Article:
He does remember, with great affection, his wartime part-time teacher, who risked all to teach the children when an opportunity permitted. (He was delighted to be able to thank her when he found where she lived, some sixty years later.)
In August 1945, they learned that war had ended when a Japanese Kempei Tai officer told them they were free to go. There was joy and relief yet also apprehension as the ‘bush telegraph’ had warned them of Indonesian extremists fighting for the country’s independence. They were then herded into trucks to become part of the 1,500 civilian survivors who were captive to the Indonesians in the mountains near Selabintana. Two months later, they were rescued by Ghurkas under British command. Relocated to Soekaboemi, Aart was finally able to access medical help for untreated dysentery and clearly remembers the doctor telling him, “You’re lucky to have seen me because in another month you would have been dead”. Subject to further attacks by Indonesian fighters, they were moved to Batavia and spent ten days there before boarding a Dutch army air force Dakota to be evacuated to Australia via Balikpapan, Morotai, and Hollandia.
The family arrived in Brisbane on 19 December 1945. During these years, Hoffie was working with KPM to help defend the south-west Pacific region, not knowing where his family was or whether they were dead or alive. It was only recently that Aart found – through an archival search at the National Archives of Australia – that his father had submitted an application to the Australian Immigration Department for his family to migrate to Australia. It was an act of faith, for the application was made in March 1945 when war in the Pacific was still raging.
It was another seven months before he was to learn that they too had survived and he worked with Dutch authorities in Australia and Batavia to get them safely evacuated as soon as possible. Typically, Dutch evacuees from the East Indies could stay in Australia for some six to eight months for ‘recuperative purposes’ before they were repatriated to the Netherlands or the Netherlands East Indies. With Hoffie’s foresight, the family were able to remain in Australia as bonafide Dutch migrants on the condition that they paid a one pound landing fee.
After Aart, his sister and mother, arrived in Brisbane in 1945 they were transferred to Camp Columbia at Wacol in Queensland. They were hospitalised and spent two months recuperating, their medical bills paid for by the Dutch authorities in Australia through one of their organisations,The Netherlands Indies Welfare Organisation for Evacuees (N.I.W.O.E.). They were then well enough to fly to Sydney where Hoffie had bought for his family a weatherboard house in the working class suburb of Kogarah.
When he first came to Australia Aart was unsettled and angry: he was 13 years old, had lost his ‘blood brother’ friends who supported him in the POW camps and found himself in a strange country with a language he did not understand. Furthermore, war and migration had interrupted his education with the result that he attended more that 12 different schools.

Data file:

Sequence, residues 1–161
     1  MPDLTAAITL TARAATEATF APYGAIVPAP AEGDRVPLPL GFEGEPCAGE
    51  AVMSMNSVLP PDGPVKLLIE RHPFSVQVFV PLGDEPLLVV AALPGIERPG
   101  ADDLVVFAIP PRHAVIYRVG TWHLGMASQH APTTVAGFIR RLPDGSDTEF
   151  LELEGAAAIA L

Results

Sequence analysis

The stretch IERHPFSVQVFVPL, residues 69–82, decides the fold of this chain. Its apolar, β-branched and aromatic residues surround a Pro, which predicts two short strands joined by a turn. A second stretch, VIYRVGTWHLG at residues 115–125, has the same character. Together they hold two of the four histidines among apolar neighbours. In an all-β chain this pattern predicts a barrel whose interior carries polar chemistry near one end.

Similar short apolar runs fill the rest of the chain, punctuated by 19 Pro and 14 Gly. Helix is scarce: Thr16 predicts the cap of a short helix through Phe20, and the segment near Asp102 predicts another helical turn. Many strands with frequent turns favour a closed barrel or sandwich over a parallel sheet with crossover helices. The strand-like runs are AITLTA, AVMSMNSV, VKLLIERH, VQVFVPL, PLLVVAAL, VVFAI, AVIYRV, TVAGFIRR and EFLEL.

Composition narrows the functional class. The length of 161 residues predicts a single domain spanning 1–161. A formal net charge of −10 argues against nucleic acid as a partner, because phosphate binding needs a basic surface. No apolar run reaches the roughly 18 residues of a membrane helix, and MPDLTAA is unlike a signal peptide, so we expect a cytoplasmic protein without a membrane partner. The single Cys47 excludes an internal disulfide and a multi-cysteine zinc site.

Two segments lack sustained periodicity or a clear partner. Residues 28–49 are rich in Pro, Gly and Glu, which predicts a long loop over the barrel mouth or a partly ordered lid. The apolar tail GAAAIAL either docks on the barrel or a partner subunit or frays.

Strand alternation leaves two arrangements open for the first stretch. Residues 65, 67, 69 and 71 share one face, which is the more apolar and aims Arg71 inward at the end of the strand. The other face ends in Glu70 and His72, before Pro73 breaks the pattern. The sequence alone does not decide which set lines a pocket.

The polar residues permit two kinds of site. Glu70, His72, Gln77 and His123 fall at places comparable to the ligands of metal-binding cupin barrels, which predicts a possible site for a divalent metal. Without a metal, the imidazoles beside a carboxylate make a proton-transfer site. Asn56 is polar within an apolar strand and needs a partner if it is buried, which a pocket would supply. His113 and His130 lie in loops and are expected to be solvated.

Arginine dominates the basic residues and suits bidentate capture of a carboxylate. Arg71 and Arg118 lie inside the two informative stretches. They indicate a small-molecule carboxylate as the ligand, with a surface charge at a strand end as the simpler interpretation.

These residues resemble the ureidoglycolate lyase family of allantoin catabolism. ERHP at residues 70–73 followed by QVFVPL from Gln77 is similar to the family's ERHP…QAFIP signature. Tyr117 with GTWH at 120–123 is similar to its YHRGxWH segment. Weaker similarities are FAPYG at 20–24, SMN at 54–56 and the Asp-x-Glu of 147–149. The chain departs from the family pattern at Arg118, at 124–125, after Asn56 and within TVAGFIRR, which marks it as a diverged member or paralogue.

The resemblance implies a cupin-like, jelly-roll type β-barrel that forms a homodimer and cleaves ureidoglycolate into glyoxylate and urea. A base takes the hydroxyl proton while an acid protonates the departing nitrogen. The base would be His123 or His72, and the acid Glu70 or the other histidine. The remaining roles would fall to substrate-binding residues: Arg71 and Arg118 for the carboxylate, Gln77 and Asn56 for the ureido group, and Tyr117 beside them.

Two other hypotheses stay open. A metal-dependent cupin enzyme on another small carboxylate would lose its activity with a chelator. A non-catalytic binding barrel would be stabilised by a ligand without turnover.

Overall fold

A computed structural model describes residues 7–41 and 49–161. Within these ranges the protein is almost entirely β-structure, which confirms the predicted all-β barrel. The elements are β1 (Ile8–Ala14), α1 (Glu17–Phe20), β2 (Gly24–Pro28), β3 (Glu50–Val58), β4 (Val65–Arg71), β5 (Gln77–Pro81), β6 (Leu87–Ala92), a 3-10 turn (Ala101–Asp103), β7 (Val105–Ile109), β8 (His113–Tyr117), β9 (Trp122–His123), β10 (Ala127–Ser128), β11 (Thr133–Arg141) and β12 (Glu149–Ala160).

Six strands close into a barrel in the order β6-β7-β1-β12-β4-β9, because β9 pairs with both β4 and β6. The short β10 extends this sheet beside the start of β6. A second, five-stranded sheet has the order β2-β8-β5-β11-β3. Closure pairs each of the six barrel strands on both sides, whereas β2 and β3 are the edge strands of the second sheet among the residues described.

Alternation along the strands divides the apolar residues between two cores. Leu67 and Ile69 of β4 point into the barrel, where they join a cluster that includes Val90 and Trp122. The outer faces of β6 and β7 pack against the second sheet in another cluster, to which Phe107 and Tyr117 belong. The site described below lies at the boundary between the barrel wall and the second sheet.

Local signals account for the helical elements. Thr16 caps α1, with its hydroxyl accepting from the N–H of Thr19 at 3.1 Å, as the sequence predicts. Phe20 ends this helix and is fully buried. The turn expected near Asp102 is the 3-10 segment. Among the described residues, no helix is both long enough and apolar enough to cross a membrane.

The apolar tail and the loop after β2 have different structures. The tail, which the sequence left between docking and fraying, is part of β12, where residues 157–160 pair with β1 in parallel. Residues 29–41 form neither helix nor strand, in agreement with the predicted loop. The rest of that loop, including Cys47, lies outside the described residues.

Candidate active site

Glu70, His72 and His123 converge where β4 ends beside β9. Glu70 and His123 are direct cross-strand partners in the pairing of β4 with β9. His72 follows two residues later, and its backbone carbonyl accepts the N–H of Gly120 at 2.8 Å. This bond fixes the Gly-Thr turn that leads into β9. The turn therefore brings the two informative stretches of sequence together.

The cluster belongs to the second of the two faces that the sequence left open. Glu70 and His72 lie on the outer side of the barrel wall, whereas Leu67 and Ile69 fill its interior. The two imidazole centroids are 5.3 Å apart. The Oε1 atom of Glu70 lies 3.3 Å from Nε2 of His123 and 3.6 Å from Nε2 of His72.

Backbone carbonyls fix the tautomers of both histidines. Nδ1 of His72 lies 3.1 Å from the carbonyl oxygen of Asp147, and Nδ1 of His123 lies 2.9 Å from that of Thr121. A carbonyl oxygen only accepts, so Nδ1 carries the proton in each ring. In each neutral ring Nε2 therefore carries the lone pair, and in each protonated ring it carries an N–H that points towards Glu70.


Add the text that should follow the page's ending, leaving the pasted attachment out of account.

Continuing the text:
Yet in the midst of his own demands of survival and resettlement he remembers the stories of his father – still a KPM ship’s captain – who had witnessed the anti-Dutch Rallies staged by the Australian Trade Union Movement in support of Indonesia’s struggle for independence.
Although the unions had tied his father’s ship and refused to either load or fuel it, Aart recalls that Captain ‘Hoffie’ managed to break the boycott and sail for Java.
Today (2007), Aart lives with his wife of 44 years, Marjorie, who was born to Australian parents in Penshurst, a suburb of Sydney, on 21 October 1937.
Their family – two boys, one girl and three grandchildren – live nearby.
He has now retired but worked as an Airline Pilot for Trans Australian Airlines (TAA) between 1954 and 1988. Aart’s father passed away 25 October 1971 aged 73 and his mother on 29 May 1985 aged 87.
Like many adult children, Aart now realises that he failed to ask all the necessary and interesting questions when the time was right.
However, his recent searches at the National Archives of Australia (NAA), have yielded much information about Captain Adrianus Cornelis Marinus Hofman, whose work in defending both the East Indies and Australia as a KPM ship’s captain has been acknowledged by Troop Commander Mills from U.S. Army Headquarters in San Francisco in 1943, The American Department of State* on 24 July 1942, the Australian Department of the Navy on 22 March 1944, and American President Harry Truman in 1945. (
There is also a letter dated 5 January 1945 from the Dutch Government in exile in London advising Captain Hofman that Queen Wilhelmina had awarded him the “War Remembrance Cross” decoration with a bar for Merchant Marine War Service (1940-1945), plus a further two bars for ‘Exceptional War Service’ in the ‘Java Sea 1941-1942’ and ‘East Asia-South Pacific 1942-1945’. These could be worn as a Service ribbon with 3 stars. He also qualified for an American war decoration – but such was the nature of the man, he never collected it.
Note: * Aart explains that the 24 July 1942 letter written by the American Department of State to the Dutch Ambassador in the US – expressing their appreciation for what Captain Hofman had done by bringing American citizens to Australia – was passed on to the Dutch Ambassador and the Dutch Consulate in Australia, with a copy issued to Aart’s father.
Compiled: 2007 by Aart Hofman and Dr Sue Summers